Thursday, 16 January 2020: 4:15 PM
255 (Boston Convention and Exhibition Center)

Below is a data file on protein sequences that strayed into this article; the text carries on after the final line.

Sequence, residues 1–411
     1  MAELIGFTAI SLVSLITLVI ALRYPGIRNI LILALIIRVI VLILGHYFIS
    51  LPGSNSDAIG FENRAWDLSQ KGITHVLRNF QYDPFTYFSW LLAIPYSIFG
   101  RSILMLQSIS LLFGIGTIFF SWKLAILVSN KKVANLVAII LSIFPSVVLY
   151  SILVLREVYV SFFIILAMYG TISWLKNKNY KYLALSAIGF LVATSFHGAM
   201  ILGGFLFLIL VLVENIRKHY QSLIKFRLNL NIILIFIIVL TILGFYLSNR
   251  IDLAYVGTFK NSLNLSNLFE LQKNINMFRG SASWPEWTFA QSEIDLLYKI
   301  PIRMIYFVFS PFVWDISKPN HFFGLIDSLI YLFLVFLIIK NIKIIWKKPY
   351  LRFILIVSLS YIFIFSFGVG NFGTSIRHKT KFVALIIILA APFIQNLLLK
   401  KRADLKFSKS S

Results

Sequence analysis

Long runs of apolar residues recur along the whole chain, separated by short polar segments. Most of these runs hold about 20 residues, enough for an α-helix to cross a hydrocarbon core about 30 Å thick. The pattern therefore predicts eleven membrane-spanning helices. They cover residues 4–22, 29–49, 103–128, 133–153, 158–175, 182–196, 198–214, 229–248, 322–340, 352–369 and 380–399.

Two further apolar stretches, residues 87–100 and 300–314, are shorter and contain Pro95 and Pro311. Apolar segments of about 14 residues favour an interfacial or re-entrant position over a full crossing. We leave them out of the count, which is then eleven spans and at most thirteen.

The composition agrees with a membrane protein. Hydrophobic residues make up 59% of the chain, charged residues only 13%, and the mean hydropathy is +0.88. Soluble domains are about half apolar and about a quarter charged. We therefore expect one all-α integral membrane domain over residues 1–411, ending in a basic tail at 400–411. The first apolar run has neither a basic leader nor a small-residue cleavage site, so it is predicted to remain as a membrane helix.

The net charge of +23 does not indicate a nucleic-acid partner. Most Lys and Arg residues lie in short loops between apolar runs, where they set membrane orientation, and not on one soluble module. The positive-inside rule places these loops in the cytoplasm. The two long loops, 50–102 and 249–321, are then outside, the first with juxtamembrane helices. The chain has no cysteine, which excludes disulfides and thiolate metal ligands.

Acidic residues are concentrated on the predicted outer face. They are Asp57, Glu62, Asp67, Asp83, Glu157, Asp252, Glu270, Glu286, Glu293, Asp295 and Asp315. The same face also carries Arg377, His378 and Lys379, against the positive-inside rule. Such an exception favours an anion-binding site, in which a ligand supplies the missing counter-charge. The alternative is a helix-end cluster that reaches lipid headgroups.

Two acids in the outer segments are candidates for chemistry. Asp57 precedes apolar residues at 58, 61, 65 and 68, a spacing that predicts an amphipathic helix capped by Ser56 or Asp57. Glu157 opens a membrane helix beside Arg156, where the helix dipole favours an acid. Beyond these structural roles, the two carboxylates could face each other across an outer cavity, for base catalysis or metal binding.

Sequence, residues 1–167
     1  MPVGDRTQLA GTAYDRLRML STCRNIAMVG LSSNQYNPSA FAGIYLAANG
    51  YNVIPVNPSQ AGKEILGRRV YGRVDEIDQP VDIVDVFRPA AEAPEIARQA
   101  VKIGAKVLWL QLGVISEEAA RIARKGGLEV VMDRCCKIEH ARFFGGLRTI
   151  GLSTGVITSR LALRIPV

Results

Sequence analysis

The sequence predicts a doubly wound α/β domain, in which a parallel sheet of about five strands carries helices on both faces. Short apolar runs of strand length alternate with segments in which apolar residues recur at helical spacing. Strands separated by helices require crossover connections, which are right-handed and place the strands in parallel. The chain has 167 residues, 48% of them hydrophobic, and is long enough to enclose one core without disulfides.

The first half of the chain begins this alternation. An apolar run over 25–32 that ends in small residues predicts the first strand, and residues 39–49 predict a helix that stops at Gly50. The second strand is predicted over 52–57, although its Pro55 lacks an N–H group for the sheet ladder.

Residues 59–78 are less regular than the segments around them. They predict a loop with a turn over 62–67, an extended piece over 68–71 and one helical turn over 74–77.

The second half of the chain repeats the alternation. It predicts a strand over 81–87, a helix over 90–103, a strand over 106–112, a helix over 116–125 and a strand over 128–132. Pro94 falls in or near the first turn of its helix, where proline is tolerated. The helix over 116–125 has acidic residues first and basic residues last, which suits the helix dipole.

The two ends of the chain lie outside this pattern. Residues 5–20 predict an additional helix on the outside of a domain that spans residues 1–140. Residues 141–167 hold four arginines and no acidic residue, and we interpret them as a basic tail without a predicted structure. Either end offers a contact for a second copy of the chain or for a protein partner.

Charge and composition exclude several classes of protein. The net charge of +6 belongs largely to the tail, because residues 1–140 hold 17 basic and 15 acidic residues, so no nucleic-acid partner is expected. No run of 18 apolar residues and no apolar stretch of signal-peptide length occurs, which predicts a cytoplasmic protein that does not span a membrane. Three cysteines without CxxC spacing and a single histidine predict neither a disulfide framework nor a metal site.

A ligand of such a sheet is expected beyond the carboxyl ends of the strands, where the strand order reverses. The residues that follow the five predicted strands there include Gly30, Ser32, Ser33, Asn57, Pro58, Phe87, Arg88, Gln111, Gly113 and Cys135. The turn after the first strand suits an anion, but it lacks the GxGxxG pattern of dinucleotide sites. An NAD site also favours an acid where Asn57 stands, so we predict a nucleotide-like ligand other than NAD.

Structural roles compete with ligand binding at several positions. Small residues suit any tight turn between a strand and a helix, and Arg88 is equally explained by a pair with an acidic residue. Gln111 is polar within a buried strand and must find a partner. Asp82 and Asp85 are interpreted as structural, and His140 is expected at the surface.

After more than four decades of international research and development in Doppler Wind Lidar, the Atmospheric LAser Doppler INstrument (ALADIN) on ESA's Aeolus mission launched in August 2018 is the first such lidar to demonstrate direct measurement of vertically-resolved global wind profiles. Aeolus researchers are already demonstrating positive impacts of Aeolus wind observations on weather forecasts, however the Aeolus mission life is limited to a maximum of three years. Meanwhile, the NOAA Satellite Observing System Architecture (NSOSA) study listed 3D-Winds as one of the top observational objectives for future weather architectures and the National Academies Earth Science Decadal Survey (ESDS) listed Atmospheric Winds as one of the top targeted observables. To address this observable, the Optical Autocovariance Wind Lidar (OAWL) approach developed at Ball Aerospace, with funding support from NASA, provides a validated, high-TRL, and reduced-risk U.S. option for an Aeolus follow-on mission that builds on CALIPSO technology. This talk will review some of what the lidar community has learned from CALIPSO and Aeolus missions, describe what the OAWL approach offers relative to the Aeolus system, and provide a roadmap for achieving a U.S. space-based wind lidar as part of a future operational weather architecture.
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